Scenic and Uneventful.

Scenic and uneventful. The best way I like to describe a ferry, transfer, or delivery flight, especially one of significant distance. If it is scenic, it typically means it is VFR and the travel can continue, and if it is uneventful, it means nothing major went wrong. It is what I always hope will be the outcome of a long flight.

When I got the call recently to help a new owner pick up an A36 Bonanza he was purchasing in Seattle, I looked forward to the trip but expected that the distance could easily result in some challenges for the flight.

With an intent to pick up the aircraft on the first weekend of April, I knew that the Rocky Mountains still held great potential for winter weather and that the significant distance for the flight left us with the potential of needing to plan for unexpected changes to any intended schedule and route.

This is pretty much the norm for any flights like this. It is always the hope that a flight of this distance will go off as planned, but personal experience has taught me that  planning extra days, carrying extra days of clothing, and just hoping you won’t need it is always a good idea. In a sense, I typically take this almost superstitiously to ward off the demons of needing the extra supplies.

We set the date, booked the one-way commercial trip from Grand Rapids to Seattle for the two of us and waited for the departure date.

A couple days out from the proposed flight I looked at a prog chart and was encouraged to see high pressure systems predicted across the entire route for our departure date.

Hoping this would hold, I set a proposed route.

Any time a route like this is set, it is a plan, and a plan that may significantly change. It is a rare occasion that such a distance flight like this goes exactly as planned.

We left early on Saturday April 1, (yes, we planned an “April Fools” departure) flying from Grand Rapids on the 6:30 am Delta flight to Detroit, then to Seattle, arriving earlier than expected at 10:50 am local time. A quick cab ride got us over to the GA airport (Auburn – S50) where we were met by the previous owner’s maintenance provider.

The plane was ready, we pre-flighted thoroughly, and everything looked like it was in order.

The weather wasn’t perfect, definitely IFR with around 800 overcast being reported, but it was warm enough to go into the clouds IFR and the aircraft was capably IFR equipped, so we continued our planning.

The route wasn’t ideal, as there was high terrain across it and we were going to have to climb through cloud layers where the temperatures were going to end up below freezing and could result in icing conditions, but cloud tops were predicted to be low enough to be manageable and we expected we could climb to a cruising altitude where we would no longer be in IFR conditions.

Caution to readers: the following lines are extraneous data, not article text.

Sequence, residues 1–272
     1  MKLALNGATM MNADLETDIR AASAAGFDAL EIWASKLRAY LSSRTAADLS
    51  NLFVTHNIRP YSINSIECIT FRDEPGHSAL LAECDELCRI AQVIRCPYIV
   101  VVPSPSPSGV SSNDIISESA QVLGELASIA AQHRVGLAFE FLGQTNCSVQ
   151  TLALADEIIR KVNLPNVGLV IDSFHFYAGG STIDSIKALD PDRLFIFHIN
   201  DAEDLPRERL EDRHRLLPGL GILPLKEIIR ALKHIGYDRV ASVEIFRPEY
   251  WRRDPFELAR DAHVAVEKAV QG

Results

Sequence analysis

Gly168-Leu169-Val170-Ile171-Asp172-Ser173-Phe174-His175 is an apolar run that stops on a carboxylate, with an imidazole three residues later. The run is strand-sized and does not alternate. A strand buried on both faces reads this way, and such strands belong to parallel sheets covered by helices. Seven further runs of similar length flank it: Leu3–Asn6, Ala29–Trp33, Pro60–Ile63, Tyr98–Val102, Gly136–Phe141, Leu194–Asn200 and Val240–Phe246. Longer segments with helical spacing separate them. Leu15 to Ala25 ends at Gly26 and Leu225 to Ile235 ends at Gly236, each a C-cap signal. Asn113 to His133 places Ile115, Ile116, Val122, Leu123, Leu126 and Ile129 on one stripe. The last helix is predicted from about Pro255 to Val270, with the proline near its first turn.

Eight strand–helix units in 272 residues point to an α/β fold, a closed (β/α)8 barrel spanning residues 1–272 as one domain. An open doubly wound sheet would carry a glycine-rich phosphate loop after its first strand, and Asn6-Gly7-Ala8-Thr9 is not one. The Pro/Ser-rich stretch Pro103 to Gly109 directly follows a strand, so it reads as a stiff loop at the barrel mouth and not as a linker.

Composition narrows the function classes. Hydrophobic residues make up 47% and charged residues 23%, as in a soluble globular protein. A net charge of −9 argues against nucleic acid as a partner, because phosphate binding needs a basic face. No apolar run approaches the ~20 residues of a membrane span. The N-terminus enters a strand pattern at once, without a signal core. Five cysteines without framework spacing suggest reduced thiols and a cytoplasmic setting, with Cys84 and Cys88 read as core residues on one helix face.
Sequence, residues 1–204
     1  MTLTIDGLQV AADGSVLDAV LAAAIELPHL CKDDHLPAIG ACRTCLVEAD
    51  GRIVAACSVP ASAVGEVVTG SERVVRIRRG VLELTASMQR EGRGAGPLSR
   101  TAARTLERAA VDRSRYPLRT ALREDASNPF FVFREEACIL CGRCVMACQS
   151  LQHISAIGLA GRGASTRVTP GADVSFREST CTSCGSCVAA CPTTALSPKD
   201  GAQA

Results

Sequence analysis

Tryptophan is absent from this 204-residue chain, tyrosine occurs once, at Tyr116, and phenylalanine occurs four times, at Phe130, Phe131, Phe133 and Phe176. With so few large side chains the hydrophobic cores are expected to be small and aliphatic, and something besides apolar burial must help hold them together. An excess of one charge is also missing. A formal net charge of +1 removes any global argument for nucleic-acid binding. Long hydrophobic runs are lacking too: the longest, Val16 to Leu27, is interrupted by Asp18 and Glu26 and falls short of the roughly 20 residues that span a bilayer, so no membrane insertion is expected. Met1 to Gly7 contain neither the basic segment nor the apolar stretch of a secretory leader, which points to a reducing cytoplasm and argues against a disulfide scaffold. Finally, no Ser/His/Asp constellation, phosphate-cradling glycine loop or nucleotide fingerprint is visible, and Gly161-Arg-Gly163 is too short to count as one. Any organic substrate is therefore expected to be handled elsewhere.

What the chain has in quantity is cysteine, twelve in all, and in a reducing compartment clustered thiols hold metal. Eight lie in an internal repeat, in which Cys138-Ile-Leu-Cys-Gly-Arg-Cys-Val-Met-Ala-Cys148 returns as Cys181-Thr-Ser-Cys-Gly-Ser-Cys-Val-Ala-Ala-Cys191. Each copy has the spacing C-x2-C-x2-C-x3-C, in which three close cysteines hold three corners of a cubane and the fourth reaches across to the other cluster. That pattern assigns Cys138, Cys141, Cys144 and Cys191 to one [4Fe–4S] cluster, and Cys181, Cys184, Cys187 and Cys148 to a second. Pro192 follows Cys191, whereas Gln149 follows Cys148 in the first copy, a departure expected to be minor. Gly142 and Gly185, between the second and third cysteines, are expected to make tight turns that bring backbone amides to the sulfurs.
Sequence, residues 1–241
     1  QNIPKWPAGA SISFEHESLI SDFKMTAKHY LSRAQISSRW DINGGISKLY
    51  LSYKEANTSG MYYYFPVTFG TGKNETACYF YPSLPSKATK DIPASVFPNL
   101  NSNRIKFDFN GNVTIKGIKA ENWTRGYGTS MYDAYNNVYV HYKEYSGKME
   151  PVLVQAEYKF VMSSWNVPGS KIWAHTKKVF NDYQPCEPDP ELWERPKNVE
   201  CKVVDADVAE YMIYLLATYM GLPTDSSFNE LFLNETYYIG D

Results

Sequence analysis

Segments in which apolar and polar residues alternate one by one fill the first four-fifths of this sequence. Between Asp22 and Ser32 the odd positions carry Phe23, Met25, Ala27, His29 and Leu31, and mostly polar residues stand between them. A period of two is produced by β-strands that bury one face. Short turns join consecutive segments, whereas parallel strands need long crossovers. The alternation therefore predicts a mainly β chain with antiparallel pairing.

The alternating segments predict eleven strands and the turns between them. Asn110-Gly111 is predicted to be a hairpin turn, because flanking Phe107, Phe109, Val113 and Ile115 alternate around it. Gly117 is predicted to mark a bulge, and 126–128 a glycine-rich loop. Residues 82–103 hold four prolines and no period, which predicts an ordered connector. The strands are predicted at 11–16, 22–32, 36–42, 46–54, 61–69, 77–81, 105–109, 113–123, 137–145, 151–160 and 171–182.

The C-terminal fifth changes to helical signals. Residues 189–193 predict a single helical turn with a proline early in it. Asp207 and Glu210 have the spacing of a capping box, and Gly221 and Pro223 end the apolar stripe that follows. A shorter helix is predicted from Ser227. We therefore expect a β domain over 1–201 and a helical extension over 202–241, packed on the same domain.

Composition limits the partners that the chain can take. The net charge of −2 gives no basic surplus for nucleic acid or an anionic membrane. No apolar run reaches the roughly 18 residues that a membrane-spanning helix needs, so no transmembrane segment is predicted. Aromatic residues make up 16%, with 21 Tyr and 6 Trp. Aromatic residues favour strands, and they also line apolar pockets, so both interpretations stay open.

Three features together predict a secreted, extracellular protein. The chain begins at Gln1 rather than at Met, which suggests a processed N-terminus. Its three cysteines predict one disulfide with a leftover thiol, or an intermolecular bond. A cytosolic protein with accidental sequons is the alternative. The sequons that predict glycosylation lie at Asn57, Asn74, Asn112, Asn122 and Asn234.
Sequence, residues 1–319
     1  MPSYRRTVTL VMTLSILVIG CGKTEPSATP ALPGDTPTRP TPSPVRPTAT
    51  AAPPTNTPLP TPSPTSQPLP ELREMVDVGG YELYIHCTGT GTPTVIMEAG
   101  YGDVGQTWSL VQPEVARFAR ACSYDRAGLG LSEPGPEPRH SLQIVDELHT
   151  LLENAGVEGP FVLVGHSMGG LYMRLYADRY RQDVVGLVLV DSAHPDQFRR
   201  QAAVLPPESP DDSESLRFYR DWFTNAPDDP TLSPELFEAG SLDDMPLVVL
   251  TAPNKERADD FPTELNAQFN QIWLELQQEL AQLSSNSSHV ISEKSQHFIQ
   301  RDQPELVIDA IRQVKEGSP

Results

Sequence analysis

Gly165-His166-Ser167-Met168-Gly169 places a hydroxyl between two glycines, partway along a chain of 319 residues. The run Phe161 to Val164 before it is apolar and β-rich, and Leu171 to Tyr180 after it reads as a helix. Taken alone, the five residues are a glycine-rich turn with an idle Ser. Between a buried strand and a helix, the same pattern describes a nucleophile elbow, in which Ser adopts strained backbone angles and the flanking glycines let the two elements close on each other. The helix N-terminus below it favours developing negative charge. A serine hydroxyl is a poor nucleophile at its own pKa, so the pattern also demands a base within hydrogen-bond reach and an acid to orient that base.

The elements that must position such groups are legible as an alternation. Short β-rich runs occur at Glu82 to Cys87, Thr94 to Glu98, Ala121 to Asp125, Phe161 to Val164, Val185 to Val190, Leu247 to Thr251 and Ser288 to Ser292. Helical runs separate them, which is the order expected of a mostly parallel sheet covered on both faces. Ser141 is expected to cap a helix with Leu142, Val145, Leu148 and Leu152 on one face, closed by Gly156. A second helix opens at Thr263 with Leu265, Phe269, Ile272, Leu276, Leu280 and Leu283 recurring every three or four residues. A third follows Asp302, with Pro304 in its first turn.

On a side note, I had found a new “non-FAA approved” resource gathering option to help determine where the cloud tops might be. Did you ever notice that the Delta In-Flight Entertainment (IFE) system can provide altitude and temperature of the aircraft along with other details?

As we descended, I watched out the window and noticed that we didn’t enter any clouds until approximately 10,000′ MSL and that there were layers of them with gaps as we descended into Seattle. I can’t say that the Delta IFE will always be a reliable pre-flight weather briefing information source, but with our departure time being shortly after our commercial aircraft arrival, it was a helpful source of data that confirmed some of the tops forecasting I had seen.

But this is where the route changed. To avoid some areas of moisture (clouds and rain), we used the satellite and radar imagery to make some route changes. A new destination of Billings was set as the initial stopping point instead of Great Falls. This also was a longer distance leg than we had originally expected because we were now able to take advantage of based on forecasted increased tail winds.

The A36 we flew is turbocharged and equipped with oxygen, so moderate altitudes was an option. It turned out it was a good thing.

Our departure put us into the clouds quickly, and as we climbed through the pass in the Cascades to the east of Seattle, we passed through and between layers of clouds to our filed cruising altitude of 13,000′ MSL.

We were fortunate initially to climb on top of cloud layers by around 7000′ MSL without any icing forming, and got the benefit of a beautiful view of Mt. Ranier sticking out of the clouds as we proceeded east.

With Mt. Ranier past, we started to see the clouds below us moving upward.

Not long into the journey, the clouds began to engulf us at 13,000′ and we ended up climbing to 15,000′ then 17,000′ to stay above them and out of any icing conditions. This was a little higher than we had wanted to climb, but with an oxygen system onboard we donned our cannulas and continued our cruise.

While we had to fly higher, the Montana high country did hold some beautiful scenery as we left the clouds behind along the route.

Just over 3 hours later, we arrived in Billings in VFR conditions.

It was still realatively early in the day when we arrived at 5:30 pm local time, so we fueled and set out for another leg.

Having made a longer than expected first leg we now needed to consider the fact that our next leg might cause us to arrive beyond closing times for many airport FBOs. We selected an airport with a 24 hour FBO for our next stop and we were off to Sioux Falls, SD.